Prebiotics And Probiotics: A Simple Guide

Medically Reviewed by Jacque Parker, RN

Gut bacteria

The gut microbiome has been a hot topic, with increasing scientific knowledge expanding around this area, proving that it's much more important than we once believed. Our ancestors intuitively knew it, coining phrases such as having a "gut" feeling, but it's only now we understand how this works.

The basic premise is this – our intestines are lined with billions of cells of bacteria. The majority of these bacteria are good for you and form a symbiotic relationship with us; they help us digest our food and release nutrients, and in turn, they too get a good meal. Once these nutrients are released, tiny finger-like structures in our intestines, called microvilli, absorb these nutrients, and they’re transported around the body for repair and regeneration.

Unfortunately, not all gut bacteria are created equal. Some, like the ones mentioned above, are optimal for your health and are the ones we wish to cultivate. How can we do this? Well – there are two ways.


This one is super simple, and it's likely you're already doing at least some of this already. It's the act of eating foods that these bacteria thrive upon. Some of these foods include garlic, onions, cocoa, leeks, asparagus, bananas, apples, barley, oats and seaweed. So get out those blenders and make yourself a breakfast smoothie packed with oats, bananas and cocoa! Or fry up a fragrant stir fry to keep your gut happy and your immune system fighting!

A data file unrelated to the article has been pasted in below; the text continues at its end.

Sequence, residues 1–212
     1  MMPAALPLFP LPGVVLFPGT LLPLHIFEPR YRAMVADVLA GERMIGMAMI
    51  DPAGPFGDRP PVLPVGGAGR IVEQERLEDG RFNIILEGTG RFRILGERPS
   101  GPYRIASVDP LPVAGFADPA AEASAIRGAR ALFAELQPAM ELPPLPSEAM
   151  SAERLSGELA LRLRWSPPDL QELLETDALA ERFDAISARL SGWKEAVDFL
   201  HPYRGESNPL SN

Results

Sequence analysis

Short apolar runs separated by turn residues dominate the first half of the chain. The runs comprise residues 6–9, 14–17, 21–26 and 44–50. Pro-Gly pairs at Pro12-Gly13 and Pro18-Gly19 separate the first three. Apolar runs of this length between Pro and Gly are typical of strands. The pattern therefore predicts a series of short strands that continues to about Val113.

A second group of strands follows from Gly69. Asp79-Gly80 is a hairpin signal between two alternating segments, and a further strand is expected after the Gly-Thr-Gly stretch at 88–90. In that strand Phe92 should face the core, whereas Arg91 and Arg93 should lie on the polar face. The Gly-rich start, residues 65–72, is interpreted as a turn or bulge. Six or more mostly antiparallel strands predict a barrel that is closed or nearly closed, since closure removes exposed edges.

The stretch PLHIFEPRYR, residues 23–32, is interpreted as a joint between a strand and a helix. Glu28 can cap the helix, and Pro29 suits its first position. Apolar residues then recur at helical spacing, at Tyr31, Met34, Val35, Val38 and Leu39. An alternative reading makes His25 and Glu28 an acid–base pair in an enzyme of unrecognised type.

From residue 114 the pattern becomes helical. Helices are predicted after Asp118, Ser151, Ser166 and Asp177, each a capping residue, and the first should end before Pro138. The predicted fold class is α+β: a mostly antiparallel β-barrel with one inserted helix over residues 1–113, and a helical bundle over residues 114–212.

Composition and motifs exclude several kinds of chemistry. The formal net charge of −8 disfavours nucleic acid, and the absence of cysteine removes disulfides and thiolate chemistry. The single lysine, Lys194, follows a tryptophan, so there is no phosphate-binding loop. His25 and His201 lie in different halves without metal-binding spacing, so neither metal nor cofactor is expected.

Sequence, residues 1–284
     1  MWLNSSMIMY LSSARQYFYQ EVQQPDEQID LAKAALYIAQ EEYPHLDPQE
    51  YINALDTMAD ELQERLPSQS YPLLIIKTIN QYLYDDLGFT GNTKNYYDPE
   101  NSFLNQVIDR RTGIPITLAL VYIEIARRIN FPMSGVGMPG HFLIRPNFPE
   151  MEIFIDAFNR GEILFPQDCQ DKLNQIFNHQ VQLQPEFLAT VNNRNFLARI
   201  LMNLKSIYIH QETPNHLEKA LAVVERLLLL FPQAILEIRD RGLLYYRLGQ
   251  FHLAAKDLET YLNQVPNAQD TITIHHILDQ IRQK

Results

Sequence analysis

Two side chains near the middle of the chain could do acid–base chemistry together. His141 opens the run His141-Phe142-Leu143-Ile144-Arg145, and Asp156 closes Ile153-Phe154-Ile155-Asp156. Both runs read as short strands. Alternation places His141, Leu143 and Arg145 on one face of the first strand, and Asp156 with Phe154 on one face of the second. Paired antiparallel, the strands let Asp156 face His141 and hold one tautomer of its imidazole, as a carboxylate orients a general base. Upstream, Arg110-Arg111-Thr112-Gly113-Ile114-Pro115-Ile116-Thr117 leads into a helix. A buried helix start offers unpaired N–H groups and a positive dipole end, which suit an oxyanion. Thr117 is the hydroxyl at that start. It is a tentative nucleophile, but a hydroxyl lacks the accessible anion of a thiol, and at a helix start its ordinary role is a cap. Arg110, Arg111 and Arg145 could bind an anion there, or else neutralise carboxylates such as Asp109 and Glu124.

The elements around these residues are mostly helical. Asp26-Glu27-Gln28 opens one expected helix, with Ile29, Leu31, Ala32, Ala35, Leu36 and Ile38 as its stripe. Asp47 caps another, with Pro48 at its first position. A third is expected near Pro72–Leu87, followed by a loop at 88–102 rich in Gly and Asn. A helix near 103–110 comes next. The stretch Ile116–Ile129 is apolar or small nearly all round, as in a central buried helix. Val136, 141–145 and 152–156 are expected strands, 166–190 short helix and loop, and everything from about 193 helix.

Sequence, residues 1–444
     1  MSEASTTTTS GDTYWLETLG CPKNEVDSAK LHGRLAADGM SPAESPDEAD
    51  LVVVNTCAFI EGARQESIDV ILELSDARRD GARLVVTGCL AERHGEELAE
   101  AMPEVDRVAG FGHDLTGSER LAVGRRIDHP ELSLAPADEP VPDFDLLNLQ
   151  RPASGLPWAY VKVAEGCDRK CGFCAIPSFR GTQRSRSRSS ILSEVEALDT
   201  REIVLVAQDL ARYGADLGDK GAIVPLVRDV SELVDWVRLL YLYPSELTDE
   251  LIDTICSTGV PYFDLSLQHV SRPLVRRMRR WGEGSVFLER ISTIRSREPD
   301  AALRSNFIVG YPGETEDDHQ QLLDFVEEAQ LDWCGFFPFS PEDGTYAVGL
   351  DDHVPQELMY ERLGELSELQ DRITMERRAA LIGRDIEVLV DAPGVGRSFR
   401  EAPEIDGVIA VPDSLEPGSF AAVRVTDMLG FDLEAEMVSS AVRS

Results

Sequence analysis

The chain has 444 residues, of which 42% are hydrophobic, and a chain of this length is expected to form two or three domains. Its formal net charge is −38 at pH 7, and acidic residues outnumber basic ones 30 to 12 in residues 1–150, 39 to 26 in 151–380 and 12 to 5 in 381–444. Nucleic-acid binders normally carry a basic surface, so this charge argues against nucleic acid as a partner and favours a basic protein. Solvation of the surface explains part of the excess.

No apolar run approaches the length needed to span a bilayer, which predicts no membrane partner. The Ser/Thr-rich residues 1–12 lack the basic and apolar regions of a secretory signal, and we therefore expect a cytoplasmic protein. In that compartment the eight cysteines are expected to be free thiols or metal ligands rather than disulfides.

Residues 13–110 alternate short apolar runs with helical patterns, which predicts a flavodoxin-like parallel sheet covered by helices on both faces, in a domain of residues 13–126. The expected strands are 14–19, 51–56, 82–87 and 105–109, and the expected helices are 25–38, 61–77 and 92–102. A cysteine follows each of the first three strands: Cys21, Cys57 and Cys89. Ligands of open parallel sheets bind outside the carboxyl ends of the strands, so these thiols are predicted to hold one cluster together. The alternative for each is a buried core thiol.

Many people confuse probiotics and prebiotics. Probiotics basically add some of the good bacteria to your gut. The more, the better, as they'll crowd out the bad ones, especially if you’re feeding them plenty of the prebiotics above. There are many sources of probiotics, some from animals and some from plant sources. So if you're vegan, no need to fret! The most abundant sources are as follows yogurt (dairy and non-dairy), kefir (milk or water varieties), cheese, kimchi, kombucha, miso, brine pickles, tempeh, sauerkraut and miso.

Infographic on health benefits of probiotics

As you can see, it’s really not hard to boost these foods in your everyday diet. Who doesn't love the smell of onion and garlic sautéing on a pan in the evening? Or enjoy a good portion of sushi laden with pickled ginger and wrapped in iodine-rich seaweed? Not only will these foods boost your good bacteria count, but they're also full of fiber and other wonderful qualities such as being anti-inflammatory, anti-viral, and immune-boosting.

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